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Russia attacked the hometown of Ukraine's Eurovision band just before its performance

Tvorchi performs "Heart of Steel" on stage during the 2023 Eurovision Grand final in Liverpool, England. They finished in sixth place, behind Sweden, Finland, Israel, Italy and Norway.
Dominic Lipinski
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Tvorchi performs "Heart of Steel" on stage during the 2023 Eurovision Grand final in Liverpool, England. They finished in sixth place, behind Sweden, Finland, Israel, Italy and Norway.

As the Ukrainian band Tvorchi prepared to take the stage of the Eurovision Song Contest in Liverpool, England, on Saturday, its members learned Russian missiles had just hit their hometown. Then came another attack.

Ukrainian producer Andrii Hutsuliak and Nigerian-born vocalist and songwriter Jeffrey Kenny, who make up the electronic music duo Tvorchi, are based in the western Ukrainian city of Ternopil.

City officials in Ternopil later confirmed that two people were injured in the attack, according to Reuters.

Tvorchi referenced the missile strike in Instagram posts before and after their performance of "Heart of Steel."

"Ternopil is the name of our hometown, which was bombed by Russia while we sang on the Eurovision stage about our steel hearts, indomitability and will," they wrote. "This is a message for all cities of Ukraine that are shelled every day. ... Europe, unite against evil for the sake of peace!"

Hutsuliak and Kenny wrote "Heart of Steel" last spring as they watched Ukrainian fighters defending the besieged Azovstal steel plant in Mariupol, an experience they told NPR about in February.

"It's a song about unbreakable people who [no matter] how bad the situation happened in their life, it doesn't stop them," Hutsuliak said from Ternopil via Zoom.

Russia has not said it targeted the city because of the competition.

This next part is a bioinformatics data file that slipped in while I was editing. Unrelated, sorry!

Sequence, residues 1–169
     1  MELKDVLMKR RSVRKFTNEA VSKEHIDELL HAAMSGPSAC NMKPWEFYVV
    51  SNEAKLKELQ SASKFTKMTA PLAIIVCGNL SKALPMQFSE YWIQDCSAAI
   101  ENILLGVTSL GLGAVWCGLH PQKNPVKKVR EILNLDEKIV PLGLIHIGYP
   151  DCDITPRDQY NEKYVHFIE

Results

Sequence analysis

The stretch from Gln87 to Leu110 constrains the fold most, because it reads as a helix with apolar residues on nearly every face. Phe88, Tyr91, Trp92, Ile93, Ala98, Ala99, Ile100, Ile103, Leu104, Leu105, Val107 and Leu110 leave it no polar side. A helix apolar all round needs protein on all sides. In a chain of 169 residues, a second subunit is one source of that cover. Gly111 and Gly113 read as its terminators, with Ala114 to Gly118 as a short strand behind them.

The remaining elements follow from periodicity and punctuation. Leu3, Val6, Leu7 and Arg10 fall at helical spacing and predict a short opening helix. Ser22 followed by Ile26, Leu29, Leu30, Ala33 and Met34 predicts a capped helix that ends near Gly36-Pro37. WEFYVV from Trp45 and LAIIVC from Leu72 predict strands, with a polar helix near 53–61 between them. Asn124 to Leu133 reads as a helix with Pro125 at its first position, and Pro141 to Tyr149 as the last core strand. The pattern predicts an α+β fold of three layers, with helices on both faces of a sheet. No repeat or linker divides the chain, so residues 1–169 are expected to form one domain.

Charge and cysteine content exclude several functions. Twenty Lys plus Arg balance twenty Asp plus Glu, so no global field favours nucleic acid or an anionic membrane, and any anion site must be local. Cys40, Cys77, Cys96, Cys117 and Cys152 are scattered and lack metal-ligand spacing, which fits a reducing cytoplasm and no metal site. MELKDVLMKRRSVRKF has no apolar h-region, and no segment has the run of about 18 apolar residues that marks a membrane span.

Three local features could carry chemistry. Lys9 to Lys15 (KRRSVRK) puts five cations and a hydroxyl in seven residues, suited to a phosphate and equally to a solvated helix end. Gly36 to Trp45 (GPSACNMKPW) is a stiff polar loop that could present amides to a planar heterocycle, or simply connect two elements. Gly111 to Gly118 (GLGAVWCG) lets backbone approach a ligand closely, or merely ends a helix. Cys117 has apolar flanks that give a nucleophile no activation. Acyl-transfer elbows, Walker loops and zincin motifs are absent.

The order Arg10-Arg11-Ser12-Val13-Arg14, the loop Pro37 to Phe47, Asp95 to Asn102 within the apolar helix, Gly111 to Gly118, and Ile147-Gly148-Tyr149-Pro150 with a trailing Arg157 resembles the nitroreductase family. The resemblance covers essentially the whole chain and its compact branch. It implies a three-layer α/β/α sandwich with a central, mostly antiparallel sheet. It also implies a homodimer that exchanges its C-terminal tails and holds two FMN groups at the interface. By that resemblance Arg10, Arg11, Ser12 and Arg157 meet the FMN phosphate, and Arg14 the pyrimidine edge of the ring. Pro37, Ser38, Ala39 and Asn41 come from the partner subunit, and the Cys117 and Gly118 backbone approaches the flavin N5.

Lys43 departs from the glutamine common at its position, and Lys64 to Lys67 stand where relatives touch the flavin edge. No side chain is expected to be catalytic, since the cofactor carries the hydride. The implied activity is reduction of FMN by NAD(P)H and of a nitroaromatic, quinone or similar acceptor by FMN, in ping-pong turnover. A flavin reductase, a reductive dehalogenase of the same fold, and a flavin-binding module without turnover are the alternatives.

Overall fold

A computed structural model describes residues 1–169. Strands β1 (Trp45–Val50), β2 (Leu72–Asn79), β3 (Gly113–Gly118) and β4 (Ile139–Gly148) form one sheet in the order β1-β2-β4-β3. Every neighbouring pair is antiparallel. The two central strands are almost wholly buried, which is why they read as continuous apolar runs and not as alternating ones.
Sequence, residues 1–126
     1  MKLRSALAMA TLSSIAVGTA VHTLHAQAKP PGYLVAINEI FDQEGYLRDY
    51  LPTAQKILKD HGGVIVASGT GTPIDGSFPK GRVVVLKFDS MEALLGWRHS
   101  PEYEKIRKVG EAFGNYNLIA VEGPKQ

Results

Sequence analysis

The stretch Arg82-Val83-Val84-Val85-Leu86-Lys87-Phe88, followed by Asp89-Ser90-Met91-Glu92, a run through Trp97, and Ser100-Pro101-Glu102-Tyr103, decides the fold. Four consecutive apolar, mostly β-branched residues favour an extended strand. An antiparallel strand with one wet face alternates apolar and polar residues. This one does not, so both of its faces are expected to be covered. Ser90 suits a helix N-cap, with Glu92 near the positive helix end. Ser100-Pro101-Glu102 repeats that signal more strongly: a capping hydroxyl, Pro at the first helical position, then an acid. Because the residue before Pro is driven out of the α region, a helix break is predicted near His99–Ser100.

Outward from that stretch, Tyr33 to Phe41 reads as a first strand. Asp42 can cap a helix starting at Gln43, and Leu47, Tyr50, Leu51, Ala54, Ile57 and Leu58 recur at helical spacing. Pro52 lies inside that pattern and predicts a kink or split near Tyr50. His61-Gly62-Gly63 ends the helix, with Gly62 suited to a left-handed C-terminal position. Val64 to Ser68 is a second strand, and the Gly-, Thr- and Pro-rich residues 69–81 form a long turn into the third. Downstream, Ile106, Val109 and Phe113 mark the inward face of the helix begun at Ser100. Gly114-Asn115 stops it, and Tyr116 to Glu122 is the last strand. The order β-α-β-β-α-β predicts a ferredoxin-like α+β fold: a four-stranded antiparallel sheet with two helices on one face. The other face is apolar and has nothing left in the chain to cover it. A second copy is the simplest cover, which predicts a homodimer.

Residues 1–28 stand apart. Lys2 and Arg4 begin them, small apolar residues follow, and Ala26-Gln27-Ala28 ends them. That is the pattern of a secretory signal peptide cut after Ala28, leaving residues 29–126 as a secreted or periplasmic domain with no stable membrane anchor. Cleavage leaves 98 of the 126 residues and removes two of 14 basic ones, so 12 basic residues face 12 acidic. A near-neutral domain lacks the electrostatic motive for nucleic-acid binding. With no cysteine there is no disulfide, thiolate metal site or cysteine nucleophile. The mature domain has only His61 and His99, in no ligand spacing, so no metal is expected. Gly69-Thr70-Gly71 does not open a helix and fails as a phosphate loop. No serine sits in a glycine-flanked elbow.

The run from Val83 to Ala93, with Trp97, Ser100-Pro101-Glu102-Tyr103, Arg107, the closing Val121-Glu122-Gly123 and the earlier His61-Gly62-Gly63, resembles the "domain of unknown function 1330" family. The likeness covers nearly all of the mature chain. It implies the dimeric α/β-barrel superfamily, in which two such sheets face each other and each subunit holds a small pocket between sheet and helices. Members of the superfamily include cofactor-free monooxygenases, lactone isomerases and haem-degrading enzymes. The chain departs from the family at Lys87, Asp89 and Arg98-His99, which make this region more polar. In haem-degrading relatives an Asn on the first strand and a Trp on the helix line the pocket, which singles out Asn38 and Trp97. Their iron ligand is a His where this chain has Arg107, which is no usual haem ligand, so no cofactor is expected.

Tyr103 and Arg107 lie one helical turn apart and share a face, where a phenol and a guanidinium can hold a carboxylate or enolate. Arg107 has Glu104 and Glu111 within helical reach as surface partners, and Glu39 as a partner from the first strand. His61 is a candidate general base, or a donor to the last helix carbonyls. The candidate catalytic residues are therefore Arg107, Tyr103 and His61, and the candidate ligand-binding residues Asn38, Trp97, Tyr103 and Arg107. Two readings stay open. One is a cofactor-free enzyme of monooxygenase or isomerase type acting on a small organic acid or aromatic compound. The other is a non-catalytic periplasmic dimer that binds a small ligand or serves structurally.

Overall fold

Last year, after Ukrainian folk-rap group Kalush Orchestra won Eurovision, reports surfaced of handwritten messages on Russian missiles referencing the band's onstage calls for aid. "Kalush, as you requested! To #Azovstal," reads the translation of a message on one of the reported missiles.

The attacks happened before and during the show

Ternopil came under a pair of overnight attacks on Saturday, reports The New Voice of Ukraine. Missiles hit an industrial warehouse, destroyed two private houses and damaged a dozen more.

Missile fragments also damaged civilian commercial and business facilities and nine trucks, and sparked a warehouse fire, Ternopil Mayor Serhiy Nadal said. City officials said the two people injured had been hospitalized with shrapnel wounds and burns.

One of the attacks happened during Tvorchi's Eurovision final performance, Nadal wrote on Facebook.

"Thank you, because your speech has become a symbol of not only the unity of the country, but of the whole world," he said.

It shows why Ukraine didn't host this year

Melinda Simmons, Britain's ambassador to Ukraine, applauded the duo's "brave hearts" in a tweet, noting their performance took place "minutes after their university home town had been bombed" by Russia.

"This #Eurovision night Ukraine is under another Russian missile attack," she wrote. "Reminder that the reason why [Ukraine] could not host this event is because [Russia] continues to invade and the people of [Ukraine] live in continuing danger."

Ukraine won Eurovision last year, but a panel of security experts and broadcasters deemed it unfit to host this year's competition because of the war. The U.K., last year's runner-up, ended up staging it in Liverpool "on behalf of Ukraine."

Sweden won this year's competition, and Tvorchi placed sixth. The band from Ukraine later wrote on Instagram that the fact that so much of the audience voted for Tvorchi "shows our unity."

Copyright 2023 NPR. To see more, visit https://www.npr.org.

Rachel Treisman (she/her) is a writer and editor for the Morning Edition live blog, which she helped launch in early 2021.